LGBTIQA+ pride flag

On a Friday afternoon at the end of January, I sat with nine other councillors for Trans Awareness Training.

It was delivered by the brilliant The Clare Project, a small Brighton and Hove based organisation who support Trans people in our city. For parts we were also joined by Mind Out and Allsorts Youth Project, two other brilliant organisations working for LGBTIQA+ people in Brighton and Hove.

The training was as a result of an amendment back in July by Green councillors. We put it forward for a few reasons – partially because we wanted all councillors to be aware of trans issues – but primarily in reaction to some shocking statistics regarding trans hate crime in our city. In 2018-19, reported transphobic hate crime was up 43%. We had to do something.

43% increase was just what was reported. The real figure could be so much worse.

Despite our reputation of being an LGBTIQA+ friendly city, it’s still not the perfect picture in Brighton and Hove.

It was clear from what we were shown in our training that there are still instances of transphobic graffiti in our city. There are still transphobic incidents that occur. Trans people still face daily discrimination and microaggressions in Brighton and Hove as they do everywhere else.

Don’t get me wrong – I’m proud of how welcoming we are as a city. I like to think we are doing better than most places. Despite transphobic hate crime being up 43% here, reports around a similar time said transphobic hate crime was up 81% across the country. But we shouldn’t rest on our laurels.

Who we’re leaving behind

This month is LGBT History Month – a chance to reflect on how far we’ve come. And we have. But while we reflect, we can’t miss the obvious. That the struggles we’ve fought haven’t yet been won for our trans siblings.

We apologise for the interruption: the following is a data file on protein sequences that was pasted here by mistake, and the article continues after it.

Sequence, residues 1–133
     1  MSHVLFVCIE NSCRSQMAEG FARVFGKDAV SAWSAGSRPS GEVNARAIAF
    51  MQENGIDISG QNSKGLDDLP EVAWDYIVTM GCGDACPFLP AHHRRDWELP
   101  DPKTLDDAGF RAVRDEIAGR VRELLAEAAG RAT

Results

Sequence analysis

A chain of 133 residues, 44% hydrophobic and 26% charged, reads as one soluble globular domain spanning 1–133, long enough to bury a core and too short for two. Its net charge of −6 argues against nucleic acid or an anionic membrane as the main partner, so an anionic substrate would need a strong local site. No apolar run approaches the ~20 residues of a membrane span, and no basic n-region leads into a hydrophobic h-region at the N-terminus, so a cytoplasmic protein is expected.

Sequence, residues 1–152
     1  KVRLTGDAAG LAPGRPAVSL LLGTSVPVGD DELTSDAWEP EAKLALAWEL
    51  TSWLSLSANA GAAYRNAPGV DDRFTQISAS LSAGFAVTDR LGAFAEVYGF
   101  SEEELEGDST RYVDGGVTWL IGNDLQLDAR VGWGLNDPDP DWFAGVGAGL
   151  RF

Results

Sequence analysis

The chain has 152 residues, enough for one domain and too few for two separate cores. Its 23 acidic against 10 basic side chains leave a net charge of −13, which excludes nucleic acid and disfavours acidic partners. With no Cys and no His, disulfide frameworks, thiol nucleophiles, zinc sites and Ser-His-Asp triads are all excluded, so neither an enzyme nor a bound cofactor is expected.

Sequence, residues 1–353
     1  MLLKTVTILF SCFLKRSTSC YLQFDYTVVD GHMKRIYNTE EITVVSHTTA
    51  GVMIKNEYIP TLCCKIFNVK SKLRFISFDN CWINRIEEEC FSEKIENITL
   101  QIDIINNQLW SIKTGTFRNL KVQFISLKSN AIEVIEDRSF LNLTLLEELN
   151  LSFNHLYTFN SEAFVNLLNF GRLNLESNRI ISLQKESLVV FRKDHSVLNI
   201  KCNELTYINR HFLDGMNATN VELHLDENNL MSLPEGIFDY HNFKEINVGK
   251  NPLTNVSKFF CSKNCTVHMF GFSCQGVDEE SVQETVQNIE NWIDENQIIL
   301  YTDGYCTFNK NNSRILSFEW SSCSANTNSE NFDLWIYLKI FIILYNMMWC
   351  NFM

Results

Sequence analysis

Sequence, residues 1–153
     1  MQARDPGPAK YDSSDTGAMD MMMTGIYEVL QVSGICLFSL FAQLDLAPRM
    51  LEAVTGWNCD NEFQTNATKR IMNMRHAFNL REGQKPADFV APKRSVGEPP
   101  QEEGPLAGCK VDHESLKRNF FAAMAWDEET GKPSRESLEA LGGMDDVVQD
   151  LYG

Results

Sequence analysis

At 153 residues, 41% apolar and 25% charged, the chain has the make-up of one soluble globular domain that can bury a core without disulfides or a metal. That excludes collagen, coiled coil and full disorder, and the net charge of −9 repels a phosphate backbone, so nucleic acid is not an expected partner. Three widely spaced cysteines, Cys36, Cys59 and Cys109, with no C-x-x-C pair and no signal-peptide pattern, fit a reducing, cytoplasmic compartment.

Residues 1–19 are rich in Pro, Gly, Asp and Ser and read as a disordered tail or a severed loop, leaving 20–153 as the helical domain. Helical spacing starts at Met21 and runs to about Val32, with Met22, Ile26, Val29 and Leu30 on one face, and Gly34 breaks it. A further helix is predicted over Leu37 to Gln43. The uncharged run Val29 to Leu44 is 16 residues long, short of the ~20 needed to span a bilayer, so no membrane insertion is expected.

From vitriolic social media, to stickers and graffiti on the street – not a week goes by where I don’t witness something transphobic. Some of it is fought in the name of women’s rights.

As a woman, I won’t stand for transphobia in my name. I know what it feels to live in fear of violence against me as a woman. I know the fear of feeling unsafe. This fear doesn’t come from trans women. It comes from men.

We will keep up the fight

At the end of the training, I asked the organisations present to tell me what we, as councillors could do. The message was clear – be an ally and stand up for our trans residents. Be loud, be visible and use our privilege in the right way. Keep on working until the battle for equality is won for all LGBTIQA+ people, not just the L, G and B.

I will listen. And I will particularly support the most marginalised, like trans women of colour who suffer most from transphobic hate.

I will proudly continue to wear my pronoun badge, a campaign run by Brighton and Hove City Council each year.

I will do everything in my (small, local government) power, to make sure that in years to come I will be looking at a decrease in hate crime in Brighton and Hove.

Image credit: Ludovic Berton – Creative Commons